From export to natural disaster, cardamom cultivation in Kerala has fallen on hard times

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In Kerala’s Idukki district, cardamom is a way of life. As the largest producer and exporter of cardamom in India, the district has created an assiduous industry around the spice. Harvesting cardamom is a meticulous process that is typically done by hand. The spice must then move through dozens of steps before it finally ends up in shops and kitchens.

The demand for cardamom from Idukki has grown in recent years. The spice’s subtle, unrivalled taste has found favour in cuisines outside its traditional use, while it’s still used widely in the Middle East and India. But nothing could have prepared the district for the devastation that wreaked during the August floods and landslides in 2018.

Acres of cardamom fields were destroyed and out of 40,000 cardamom farmer families in Idukki, almost 60% lost their crops in the floods and landslides, taking away their sole source of income.

What’s more, the industry has seen another hurdle as one of India’s biggest importers of the spice recently banned cardamom because of a presence of pesticide.

Idukki’s thriving cardamom production has fallen on hard times, and now the cultivators, traders and workers behind the spice are left wondering if, and how, they will recover.

Infertile land, low yield

Nedumkandam, a taluk in Idukki known for its cardamom and pepper production, was significantly affected by the landslides. Even seven months after the devastation, the effects of the landslides are still deeply impacting the farming community in the area. Boulders, fallen trees and debris have distorted this small and sleepy village in the district.

On August 8, Benny Kunnel, from Nedumkandam in Idukki, lost a major portion of his house in the landslide as well as one-acre of his cardamom field.

“It has been six months since I planted cardamoms. It usually does not take two months for the crops to grow more than one meter, but since the topsoil was washed away and covered with sand and debris, it has lost its fertility and is not cultivable,” he said, pointing to the barren field land and wilted crops amidst the rubble.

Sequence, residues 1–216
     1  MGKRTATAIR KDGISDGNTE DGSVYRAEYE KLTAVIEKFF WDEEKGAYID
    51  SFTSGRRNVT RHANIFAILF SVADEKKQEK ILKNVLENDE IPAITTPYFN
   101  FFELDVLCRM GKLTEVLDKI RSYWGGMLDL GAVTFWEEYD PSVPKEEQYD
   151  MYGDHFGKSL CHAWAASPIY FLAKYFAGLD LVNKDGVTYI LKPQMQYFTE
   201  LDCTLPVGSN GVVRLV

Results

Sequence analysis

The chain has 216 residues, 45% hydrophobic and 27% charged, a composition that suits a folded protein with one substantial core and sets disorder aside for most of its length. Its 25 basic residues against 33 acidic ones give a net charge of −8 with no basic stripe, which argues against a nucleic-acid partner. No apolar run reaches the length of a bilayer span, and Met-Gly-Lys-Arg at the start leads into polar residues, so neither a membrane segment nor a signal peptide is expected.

“The yield has reduced by 100 kilogrammes. The growth of the crops, too, has been stunted,” he added.

For more than 24 hours, stagnant flood water submerged the crops, decaying its roots and capsules. Idukki, the second largest district in the state, was one of the worst affected areas during the floods. People watched as their houses, crops and properties were washed away, and farmlands were rendered infertile.   

But people here can’t just worry about battling for promises compensation from the government to rebuild their lives. Farmers who have cultivated cardamom for decades are facing a significant crisis as the spice sees a fall in production. 

MJ Joseph has been a cardamom farmer in Anakkara in Idukki for the last 20 years. Though he used to yield 4,000 kilograms of cardamom per year on 2.5 acres of land, after the floods, he lost 80% of his crops.

“Before the floods, I would earn Rs 1 lakh from one-acre yield. I managed my other expenses using this income. But I also have to spend on labour wage, pesticides that have to be sprayed monthly, tilling the soil, because the yield depends on the amount of care we give in cultivating – that’s the feature of this crop,” he said.

Currently, Joseph is hoping to revive what is remaining of his crops. “I am watering to see how much can be revived. I hope to revive at least 20% of what remains. This can be estimated only after two months, and then accordingly, I will remove the old crops and plant new ones in the next season. That is what I am aiming for,” he said.

The cardamom production in Idukki

Cardamom cultivation, according to Idukki farmers, is akin to caring for a baby. It’s a laborious process, one that makes the spice, especially green cardamoms, so expensive.  Idukki’s farmers are also known for their innovative experiments with the crop. TP Joseph was awarded the National Grassroots Innovation Awards for developing Thiruthali, an improved variety of cardamom. Similarly, Sebastian Joseph was awarded for developing another cardamom variety called the Njallani.

Cardamoms are harvested between July and December, but the floods hit Kerala during the harvest season rendered the labourers engaged in cardamom cultivation unemployed for over a month.

“Every monsoon, we never sit at home, but during the last rains, we were at home for more than one month, with no work,” said Annamaria, who has been supervising the harvest work at a cardamom field for the last 20 years.

But it isn’t just the cultivation that requires painstaking detail to attention. Typically once the cardamom is harvested, the ripe fruits are washed and dried in a furnace. The dried fruit, which is the cardamom for commerce, is then sent by the growers to small depots. These are then taken to various e-auction centres set up by the government-run Spices Board.